Back to Christmas 1985 (25th December 1985)

Merry Christmas everybody. A packed schedule today, kicking off with the Top of the Pops Christmas Party. It’s the usual rather rum mixed bag, but there’s entertainment to be found if you dig deep enough.

The second of two All Creatures Great & Small movie-length specials (which bridged the gap between the original series and the revival in 1988) is also on my list. And BBC1 dominates the rest of the evening with Hi-De-Hi!, Only Fools and Horses and The Two Ronnies. That’s quite the line-up ….

Hi-De-Hi! is an hour long special and even though we’re into the post-Fairbrother years (which means that the series has lost a little of its sparkle) it’s still well worth a watch.

The front covers of the Radio Times and TV Times made it plain that the big Christmas battle would be fought by Del Boy and Arthur Daley (both were given today’s prime 7.30 pm slot). In the event Del would win the ratings war and he’s my choice as well – not least because as he’s part of such a strong lineup it would be a shame to switch over (that was always the BBC way – especially on Saturday evenings – if you hook the viewers early then they’ll tend to stick with you).

To Hull and Back was a bit jarring at the time, thanks to the lack of a laughter track and its all-film nature, but it was the first hint that Only Fools wouldn’t always be content with remaining in a thirty minute format. 

As happened a few times, The Two Ronnies show at Christmastime was part of a series rather than a one-off special but although the festive quotient is fairly low it still ticks all the boxes that you’d expect. The Two Rhanis (the Rons browned up and essaying broad Indian accents) isn’t their finest moment but the rest of the show is on firmer ground. I especially like the reworking of an earlier WW1 sketch which is a typical example of the Rons’ wordplay.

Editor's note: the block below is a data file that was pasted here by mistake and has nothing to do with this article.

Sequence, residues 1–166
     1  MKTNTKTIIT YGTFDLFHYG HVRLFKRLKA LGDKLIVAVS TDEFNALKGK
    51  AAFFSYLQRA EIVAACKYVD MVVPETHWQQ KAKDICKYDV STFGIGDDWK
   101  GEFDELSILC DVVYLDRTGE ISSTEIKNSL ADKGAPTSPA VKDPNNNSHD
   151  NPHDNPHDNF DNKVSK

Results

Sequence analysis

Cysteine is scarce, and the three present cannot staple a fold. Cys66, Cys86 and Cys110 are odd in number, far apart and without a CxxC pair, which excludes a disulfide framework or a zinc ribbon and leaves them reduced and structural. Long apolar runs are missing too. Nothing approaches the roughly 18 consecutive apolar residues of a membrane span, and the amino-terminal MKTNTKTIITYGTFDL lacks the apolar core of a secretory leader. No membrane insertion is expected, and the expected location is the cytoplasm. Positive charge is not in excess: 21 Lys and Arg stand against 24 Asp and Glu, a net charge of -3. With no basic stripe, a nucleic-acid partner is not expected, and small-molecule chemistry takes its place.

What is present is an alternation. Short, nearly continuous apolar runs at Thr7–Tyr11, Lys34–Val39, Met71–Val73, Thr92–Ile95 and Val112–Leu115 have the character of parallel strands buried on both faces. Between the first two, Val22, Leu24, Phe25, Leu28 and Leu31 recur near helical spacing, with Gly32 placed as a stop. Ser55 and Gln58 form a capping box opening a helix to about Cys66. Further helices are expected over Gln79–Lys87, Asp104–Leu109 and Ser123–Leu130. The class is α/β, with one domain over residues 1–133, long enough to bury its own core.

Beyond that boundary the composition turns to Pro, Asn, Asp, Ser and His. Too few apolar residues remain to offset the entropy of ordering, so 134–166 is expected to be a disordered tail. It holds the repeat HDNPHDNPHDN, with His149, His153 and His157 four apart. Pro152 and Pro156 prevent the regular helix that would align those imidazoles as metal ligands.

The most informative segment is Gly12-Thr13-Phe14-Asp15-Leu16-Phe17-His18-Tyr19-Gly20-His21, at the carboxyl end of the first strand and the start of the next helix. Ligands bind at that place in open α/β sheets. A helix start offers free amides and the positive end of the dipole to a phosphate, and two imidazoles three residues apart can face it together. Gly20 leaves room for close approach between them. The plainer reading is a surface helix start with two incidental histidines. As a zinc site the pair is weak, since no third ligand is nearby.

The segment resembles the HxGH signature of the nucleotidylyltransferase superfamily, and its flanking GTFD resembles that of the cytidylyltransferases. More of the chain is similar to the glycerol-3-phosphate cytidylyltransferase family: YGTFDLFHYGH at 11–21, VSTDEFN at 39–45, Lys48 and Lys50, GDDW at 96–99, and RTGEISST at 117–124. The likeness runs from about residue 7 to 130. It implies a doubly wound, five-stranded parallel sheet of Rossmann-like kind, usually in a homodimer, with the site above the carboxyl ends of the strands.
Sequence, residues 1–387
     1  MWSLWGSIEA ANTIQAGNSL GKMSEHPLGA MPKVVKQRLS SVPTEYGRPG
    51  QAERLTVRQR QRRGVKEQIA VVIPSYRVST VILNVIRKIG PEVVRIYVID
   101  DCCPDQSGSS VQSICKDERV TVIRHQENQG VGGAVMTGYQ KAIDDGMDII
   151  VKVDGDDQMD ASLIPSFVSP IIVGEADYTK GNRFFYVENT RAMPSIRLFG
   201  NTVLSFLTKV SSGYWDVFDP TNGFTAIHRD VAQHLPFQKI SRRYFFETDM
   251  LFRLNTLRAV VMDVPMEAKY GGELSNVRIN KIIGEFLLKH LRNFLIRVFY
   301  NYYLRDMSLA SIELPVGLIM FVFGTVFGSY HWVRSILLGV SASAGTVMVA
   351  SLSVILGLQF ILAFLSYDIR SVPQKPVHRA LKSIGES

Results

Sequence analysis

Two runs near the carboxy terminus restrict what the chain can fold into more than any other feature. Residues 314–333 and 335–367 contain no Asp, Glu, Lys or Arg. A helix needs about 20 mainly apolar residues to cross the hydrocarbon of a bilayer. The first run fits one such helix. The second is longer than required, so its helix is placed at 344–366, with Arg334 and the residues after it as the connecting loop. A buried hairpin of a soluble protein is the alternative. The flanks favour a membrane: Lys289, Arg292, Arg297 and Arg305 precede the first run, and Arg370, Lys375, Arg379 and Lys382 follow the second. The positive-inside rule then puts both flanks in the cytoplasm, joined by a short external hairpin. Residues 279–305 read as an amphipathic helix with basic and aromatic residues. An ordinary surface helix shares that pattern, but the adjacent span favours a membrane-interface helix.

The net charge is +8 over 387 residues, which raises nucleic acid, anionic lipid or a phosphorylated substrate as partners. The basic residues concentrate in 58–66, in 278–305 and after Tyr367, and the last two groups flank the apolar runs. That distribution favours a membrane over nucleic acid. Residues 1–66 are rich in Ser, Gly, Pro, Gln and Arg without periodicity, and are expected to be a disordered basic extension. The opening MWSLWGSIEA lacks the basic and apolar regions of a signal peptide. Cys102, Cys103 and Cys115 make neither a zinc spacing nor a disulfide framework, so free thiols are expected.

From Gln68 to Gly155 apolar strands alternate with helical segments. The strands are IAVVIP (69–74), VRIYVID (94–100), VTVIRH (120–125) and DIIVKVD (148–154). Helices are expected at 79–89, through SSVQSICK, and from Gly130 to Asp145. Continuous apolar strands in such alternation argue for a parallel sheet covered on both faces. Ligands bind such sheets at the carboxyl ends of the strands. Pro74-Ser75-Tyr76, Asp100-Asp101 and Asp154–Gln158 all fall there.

Over on ITV I’ll be taping Moonraker and Minder on the Orient Express. It’s ironic that when Only Fools & Horses began in 1981 it was compared unfavourably with Minder (especially the wheeler-dealer similarities between Arthur and Del) but five years later you have to concede that the pupil has eclipsed the master.

Minder on the Orient Express is still an excellent way to pass a few hours though – it might be a world away from the gritty tone of the early stories but if the odd outrageous coincidence doesn’t bother you, then I’d just sit back and watch the tip top guest cast do their thing.

9 thoughts on “Back to Christmas 1985 (25th December 1985)

  1. I don’t think I watched the Top Of The Pops in 1985, but I do remember watching Hi-De-Hi! followed by Only Fools & Horses in the evening. I saw that Hi-De-Hi! episode for the first time since then the other day, and can report that it’s really good. Certainly the best for me of the four extended episodes that got shown at Christmas time, and also curiously the longest. The other three are all 45 minutes and fall a little flat, feeling like extended versions of ordinary tales, but at one hour the cat burglary plot feels as though it makes good use of being twice as long as usual.

    I did enjoy ‘To Hull & Back’, though in a different (less immediate, I think) way to the pleasure that I had taken from OFAH before. I haven’t seen it for about 35 years, but I got the new blu-ray, so should be returning to it again next year.

    Working out how to watch this day’s viewing again as an adult is a campaign that requires military planning! Presupposing that I have a video recorder, then I would watch; Top Of The Pops, Hi-De-Hi! and Edge Of The Wind (the Don Webb play with John Mills on BBC2 at 8.20). I would video Coronation Street and Minder On The Orient Express. I probably wouldn’t have the stamina for All Creatures Great & Small as well and would make a note to watch it if it was repeated (and I would be confident that OFAH would turn up again).